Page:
“Corporate governance” means many things to many institutional investors, often depending on where in the world they operate, according to a new report by Institutional Shareholder Services.
For example, 34 percent of U.S. institutional investors say “enhanced returns” are the most significant advantage of good corporate governance, about on par with the global average of 37 percent. In China, however, only 7 percent of institutional investors agree; in Japan, the figure is a whopping 80 percent.
The 2006 ISS Global Institutional Investor Study gathered responses from 320 institutional investors in 18 countries, which the proxy-advisory firm grouped into seven regions: the United States, China, Japan, Canada, Australia-New Zealand, the United Kingdom, and continental Europe. The ISS found that different economic traditions and varying stages of corporate-governance development often lead investors to different conclusions.
In China, continental Europe, and Japan, for example, investors believe that corporate governance will become more important during the next three years, while investors in the United States and Canada expect little change. According to the study, the differing views can be explained in part by those regions’ differing sources of capital. In North America, where institutional investors have a long history of providing equity capital, markets have already developed a robust corporate-governance system; in the Far East and Europe, governance has more room to grow. Germany, notes the study, is characterized by strong corporate ties to banks, and much capital has been provided through loans; China’s government controls the economy and directs both development and investment.
In countries where institutional investors are firmly entrenched as a source of capital, shareholders are certain to be vocal, affirms the study. Investors from the United Kingdom, Japan, and Canada are the most likely to not only vote their proxies but also engage companies in debates about changing their behavior. Compared with a global average of 79 percent, in those countries more than 90 percent of investors say they engage companies directly or through a third party.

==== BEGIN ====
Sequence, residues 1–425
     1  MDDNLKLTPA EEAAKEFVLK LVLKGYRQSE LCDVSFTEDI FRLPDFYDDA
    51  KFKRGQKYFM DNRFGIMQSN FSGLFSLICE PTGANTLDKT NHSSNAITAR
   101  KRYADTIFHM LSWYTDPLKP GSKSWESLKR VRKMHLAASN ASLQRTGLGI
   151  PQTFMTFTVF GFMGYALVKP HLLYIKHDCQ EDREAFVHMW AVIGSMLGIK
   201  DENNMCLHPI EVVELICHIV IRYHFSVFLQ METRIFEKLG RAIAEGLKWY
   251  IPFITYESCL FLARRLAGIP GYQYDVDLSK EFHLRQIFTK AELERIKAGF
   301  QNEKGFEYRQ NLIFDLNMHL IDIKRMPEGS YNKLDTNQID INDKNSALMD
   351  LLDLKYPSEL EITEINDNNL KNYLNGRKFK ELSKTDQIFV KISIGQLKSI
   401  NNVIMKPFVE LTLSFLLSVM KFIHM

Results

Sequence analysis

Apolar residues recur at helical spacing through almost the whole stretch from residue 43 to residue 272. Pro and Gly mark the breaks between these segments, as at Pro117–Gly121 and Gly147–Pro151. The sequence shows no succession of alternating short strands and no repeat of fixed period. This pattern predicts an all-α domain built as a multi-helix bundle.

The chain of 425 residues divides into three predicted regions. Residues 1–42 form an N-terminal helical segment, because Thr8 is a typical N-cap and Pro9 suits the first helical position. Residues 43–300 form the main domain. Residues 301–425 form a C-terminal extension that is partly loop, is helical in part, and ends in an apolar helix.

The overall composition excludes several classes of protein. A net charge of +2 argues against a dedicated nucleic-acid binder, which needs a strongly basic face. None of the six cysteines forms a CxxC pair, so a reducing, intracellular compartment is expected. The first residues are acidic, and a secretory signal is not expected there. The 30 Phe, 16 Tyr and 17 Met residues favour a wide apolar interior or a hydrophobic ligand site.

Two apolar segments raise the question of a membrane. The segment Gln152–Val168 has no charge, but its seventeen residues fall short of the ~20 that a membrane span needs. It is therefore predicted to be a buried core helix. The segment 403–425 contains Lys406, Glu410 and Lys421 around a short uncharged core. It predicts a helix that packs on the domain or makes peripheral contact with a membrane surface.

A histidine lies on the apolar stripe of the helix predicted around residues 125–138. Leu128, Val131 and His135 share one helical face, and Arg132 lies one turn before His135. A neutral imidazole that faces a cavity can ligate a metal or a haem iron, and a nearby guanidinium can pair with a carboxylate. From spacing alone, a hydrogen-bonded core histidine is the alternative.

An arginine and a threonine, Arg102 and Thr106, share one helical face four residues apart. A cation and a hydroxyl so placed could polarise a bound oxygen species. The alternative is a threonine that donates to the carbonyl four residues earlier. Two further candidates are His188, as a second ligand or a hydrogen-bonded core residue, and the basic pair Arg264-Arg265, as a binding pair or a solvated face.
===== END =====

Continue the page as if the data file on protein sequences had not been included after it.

The United Kingdom’s tradition of engagement is the strongest worldwide, possibly because its government actively encourages investors and corporations to agree on governance best practices as an alternative to legislation. Whether “for” or “against,” U.K. investors weigh in more often than other investors; 81 percent voice opinions about mergers and acquisitions (compared with a global average of 31 percent), and 26 percent nominate or recommend director candidates (compared with a global average of 18 percent).
Other findings of the study:
• 25 percent of Chinese institutional investors contact companies simply to obtain basic financial information; worldwide, that figure is just 4 percent.
• Pension funds based in Canada and the Australia-New Zealand markets usually lend their weight to “collective engagements” in which trade associations and proxy-service firms endeavor to both minimize costs and pool their efforts to rework corporate behavior.
• 32 percent of Japanese investors cited antitakeover devices as the most important governance issue of the next three years; globally, only 2 percent of respondents said this would be the number-one issue. Japan’s tradition of friendly shareholders is vanishing, notes ISS, and last year lawmakers legalized the use of poison pills as a merger defense.